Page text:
Tips for choosing healthy foods
Following a healthy and natural lifestyle includes smart food choices, regular physical activity, an environment that promotes mind and body balance, and effectively managing your daily stress. However, making smart food choices can cause overwhelming confusion, especially with the growing array of food products touting "all-natural" overshadowed by the media's many contradicting stories on good foods and bad foods. To help you navigate the supermarket for truly good for you foods, here are healthy food shopping guidelines and a grocery list.
The healthy food shopping basics
Despite the complicated food rituals of fad-diets and extreme health nut meal plans, eating healthy is actually easy, balanced and uncomplicated. There are definitely better food choices than others, but in general, here are the basics.
- Buy whole, natural and unprocessed (or minimally processed) foods as the foundation of your diet. Organic vegetables, fruits, raw nuts and seeds, beans, grassfed meats and dairy, wild (not farmed) seafood, and healthy cooking oils are top choices.
- Choose foods that are locally grown and in season, as often as possible.
- Read labels and ingredient lists on packaged foods and bottled drinks to determine the healthier choices.
- Buy frozen fruits and vegetables instead of canned.
- Purchase packaged foods with real food ingredients as opposed to preservatives, additives and dyes. This also means choosing foods with the least amount of sodium and choosing foods with ingredients you can actually pronounce.
- Opt for whole grains and whole grain products with at least 2 grams of fiber per serving as opposed to processed white-flour goods that have less than 1 gram.
- Avoid products with hydrogenated or partially hydrogenated fat or trans fat - they are not natural and they are not heart-healthy.
- Avoid products high in sodium, which can cause high blood pressure, putting you at risk for heart disease, stroke and kidney problems. Opt for fresh, all natural foods and products with the least sodium.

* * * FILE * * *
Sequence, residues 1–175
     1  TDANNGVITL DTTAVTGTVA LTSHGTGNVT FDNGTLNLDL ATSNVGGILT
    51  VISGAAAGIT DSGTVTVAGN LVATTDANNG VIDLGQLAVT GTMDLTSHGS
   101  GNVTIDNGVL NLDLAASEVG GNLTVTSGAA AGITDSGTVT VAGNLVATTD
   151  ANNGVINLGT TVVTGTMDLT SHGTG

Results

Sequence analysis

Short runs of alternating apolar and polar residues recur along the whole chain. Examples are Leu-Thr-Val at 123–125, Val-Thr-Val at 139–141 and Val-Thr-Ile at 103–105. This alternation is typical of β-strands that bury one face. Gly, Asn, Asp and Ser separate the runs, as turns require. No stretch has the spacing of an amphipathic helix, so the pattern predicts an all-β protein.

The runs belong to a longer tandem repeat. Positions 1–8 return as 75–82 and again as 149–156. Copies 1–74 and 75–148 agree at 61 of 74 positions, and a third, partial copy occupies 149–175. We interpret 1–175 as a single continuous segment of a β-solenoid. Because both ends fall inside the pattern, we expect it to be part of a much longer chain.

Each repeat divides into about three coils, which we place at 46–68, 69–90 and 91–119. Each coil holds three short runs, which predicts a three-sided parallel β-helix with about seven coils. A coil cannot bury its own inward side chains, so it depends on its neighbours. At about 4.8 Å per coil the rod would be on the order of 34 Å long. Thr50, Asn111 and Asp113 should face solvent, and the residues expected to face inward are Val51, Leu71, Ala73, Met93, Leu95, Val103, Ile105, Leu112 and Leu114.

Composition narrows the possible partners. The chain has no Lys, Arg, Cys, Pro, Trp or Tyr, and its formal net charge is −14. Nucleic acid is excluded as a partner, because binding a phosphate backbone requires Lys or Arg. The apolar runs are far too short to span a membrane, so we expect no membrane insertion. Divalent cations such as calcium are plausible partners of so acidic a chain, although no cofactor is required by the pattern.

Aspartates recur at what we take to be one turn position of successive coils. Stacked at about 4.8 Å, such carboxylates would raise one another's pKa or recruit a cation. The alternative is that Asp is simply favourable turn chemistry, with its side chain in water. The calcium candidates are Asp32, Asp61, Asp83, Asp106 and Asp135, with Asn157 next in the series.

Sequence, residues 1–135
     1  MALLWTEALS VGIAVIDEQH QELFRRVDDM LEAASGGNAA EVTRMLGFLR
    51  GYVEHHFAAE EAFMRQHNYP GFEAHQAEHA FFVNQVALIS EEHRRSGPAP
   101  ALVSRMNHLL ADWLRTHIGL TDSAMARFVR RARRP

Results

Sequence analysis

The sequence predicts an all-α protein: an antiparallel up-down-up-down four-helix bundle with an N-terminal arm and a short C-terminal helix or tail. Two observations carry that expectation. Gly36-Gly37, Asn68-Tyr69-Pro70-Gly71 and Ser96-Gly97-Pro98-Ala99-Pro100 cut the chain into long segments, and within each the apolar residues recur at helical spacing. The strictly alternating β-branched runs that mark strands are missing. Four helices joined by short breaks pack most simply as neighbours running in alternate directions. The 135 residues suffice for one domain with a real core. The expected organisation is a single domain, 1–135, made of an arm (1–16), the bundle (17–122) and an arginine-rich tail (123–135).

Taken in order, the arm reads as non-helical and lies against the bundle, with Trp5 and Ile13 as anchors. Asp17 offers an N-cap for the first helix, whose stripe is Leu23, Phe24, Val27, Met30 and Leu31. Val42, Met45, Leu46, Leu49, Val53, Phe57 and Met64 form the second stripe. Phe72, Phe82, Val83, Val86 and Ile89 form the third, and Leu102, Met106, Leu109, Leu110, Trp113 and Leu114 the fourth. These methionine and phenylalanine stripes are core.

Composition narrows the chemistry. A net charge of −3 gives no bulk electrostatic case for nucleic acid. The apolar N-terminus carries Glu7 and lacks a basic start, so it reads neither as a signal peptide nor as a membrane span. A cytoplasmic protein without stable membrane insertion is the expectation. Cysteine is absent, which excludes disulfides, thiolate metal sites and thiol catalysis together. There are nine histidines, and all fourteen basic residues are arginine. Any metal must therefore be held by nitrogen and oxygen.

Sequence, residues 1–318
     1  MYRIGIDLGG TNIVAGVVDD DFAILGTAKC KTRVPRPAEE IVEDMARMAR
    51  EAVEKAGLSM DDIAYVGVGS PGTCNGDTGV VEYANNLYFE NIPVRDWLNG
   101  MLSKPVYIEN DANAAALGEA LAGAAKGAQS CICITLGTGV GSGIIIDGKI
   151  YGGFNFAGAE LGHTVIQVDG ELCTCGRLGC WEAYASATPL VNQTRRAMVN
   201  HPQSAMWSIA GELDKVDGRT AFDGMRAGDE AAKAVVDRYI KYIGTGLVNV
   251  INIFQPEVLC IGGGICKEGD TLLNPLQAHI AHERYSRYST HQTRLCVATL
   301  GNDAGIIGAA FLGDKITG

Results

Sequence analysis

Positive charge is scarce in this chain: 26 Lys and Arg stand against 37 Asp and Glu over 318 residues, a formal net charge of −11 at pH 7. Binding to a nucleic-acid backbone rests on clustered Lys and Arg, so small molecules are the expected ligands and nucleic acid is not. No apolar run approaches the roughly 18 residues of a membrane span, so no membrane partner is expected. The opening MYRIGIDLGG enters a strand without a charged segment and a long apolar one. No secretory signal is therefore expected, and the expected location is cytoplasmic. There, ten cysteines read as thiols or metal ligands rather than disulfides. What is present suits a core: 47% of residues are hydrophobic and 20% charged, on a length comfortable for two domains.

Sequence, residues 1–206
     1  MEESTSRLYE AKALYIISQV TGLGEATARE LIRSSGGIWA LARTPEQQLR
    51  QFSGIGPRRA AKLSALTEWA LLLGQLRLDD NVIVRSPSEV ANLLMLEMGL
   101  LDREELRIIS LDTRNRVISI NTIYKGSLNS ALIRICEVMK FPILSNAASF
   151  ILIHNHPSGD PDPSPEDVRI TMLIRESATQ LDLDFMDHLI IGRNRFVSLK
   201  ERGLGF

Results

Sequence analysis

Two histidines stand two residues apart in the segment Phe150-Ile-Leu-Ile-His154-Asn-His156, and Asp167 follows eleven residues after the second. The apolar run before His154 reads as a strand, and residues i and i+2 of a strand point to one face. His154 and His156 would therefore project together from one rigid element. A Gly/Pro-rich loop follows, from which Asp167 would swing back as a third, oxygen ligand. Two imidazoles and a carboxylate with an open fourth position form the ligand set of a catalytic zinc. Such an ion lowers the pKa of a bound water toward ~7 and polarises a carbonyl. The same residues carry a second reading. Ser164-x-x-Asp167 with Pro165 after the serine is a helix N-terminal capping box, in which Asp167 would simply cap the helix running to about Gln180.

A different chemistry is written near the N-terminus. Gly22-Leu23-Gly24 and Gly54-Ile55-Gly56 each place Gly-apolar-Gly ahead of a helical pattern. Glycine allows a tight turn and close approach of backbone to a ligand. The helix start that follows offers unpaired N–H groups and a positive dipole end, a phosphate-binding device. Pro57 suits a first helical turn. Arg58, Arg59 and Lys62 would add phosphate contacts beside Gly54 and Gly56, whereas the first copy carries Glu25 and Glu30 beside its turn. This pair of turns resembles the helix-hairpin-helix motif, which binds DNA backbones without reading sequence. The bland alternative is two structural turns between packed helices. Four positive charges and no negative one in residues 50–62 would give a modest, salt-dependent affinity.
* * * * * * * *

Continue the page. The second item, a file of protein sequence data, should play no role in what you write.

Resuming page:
- Avoid products with artificial ingredients, such as food coloring, preservatives and artificial sweeteners. Though these ingredients have been "generally recognized as safe," they are controversial - and not natural.
Healthy, natural foods
1. Fruits and vegetables. The produce aisle is the most health promoting area of any grocery store. You can't make a poor fruit or vegetable choice – they all contain vitamins, minerals and phytonutrients – but some are considered superfoods because of their high antioxidant levels. Berries, cherries, apples, artichoke hearts, beans and even potatoes are chock full of cancer-fighting, anti-inflammatory, free-radical fighting antioxidants. And keep in mind that fresh and dried herbs and spices are rich in antioxidants and considered superfoods.
2. Nuts, seeds, beans and legumes. Versatile and teeming with unsaturated good for you fats, nuts and seeds can be eaten as snacks, mixed with fruit, tossed into salads, used in sweet or savory fillings, and ground into meal to replace flour in baked goods. Fresh nut butters can be used as sandwich spreads or used in sauces and dips. Beans and legumes are high in fiber as well as antioxidants and other phytonutrients – toss into grain salads, pasta dishes, and soups or puree with herbs and spices and use as dips or spreads. If buying canned beans, rinse them with water to reduce the sodium.
3. Grassfed meats and dairy and wild fish. Grassfed meats may be more expensive than commercially-produced beef, lamb or poultry, but they are free of antibiotics, hormones or other chemicals. They are also more naturally flavorful because they aren't fattened up before processing. Organic dairy and dairy products and eggs from free-range chickens are also free of drug and pesticide residue. Wild fish is less likely to be injected with dyes or chemicals and often tastes better than farmed fish.
4. Healthy cooking oils. Olive oil is the most recognized oil for its heart health benefits and superior amount of monounsaturated fat. However, sesame, flax, safflower and even coconut are healthy oils to include in your meals. (Read The healthiest cooking oils for your family to learn which oils are best for sautéing, baking and salad dressing.
5. Whole grains and whole grain products. Steer clear of instant white rice, white bread, and cereal, and baked goods with low or no fiber. Instead, opt for the wide range of delicious and healthy whole grains and products made with whole grains. Whole grain foods are less processed than white-flour based goods and are far more beneficial to your healthy and natural lifestyle. Give quinoa, wild rice, buckwheat, seven grain pilaf, wheat berries, brown rice and whole wheat cous cous or pasta a try. When buying cereal and breakfast foods, breads, tortillas, baked goods, and snack foods, choose high-fiber items made with whole grains.
Take these guidelines and list with you on your next shopping trip to take the confusion out of buying foods that will best promote your desire to live a healthy and natural life.
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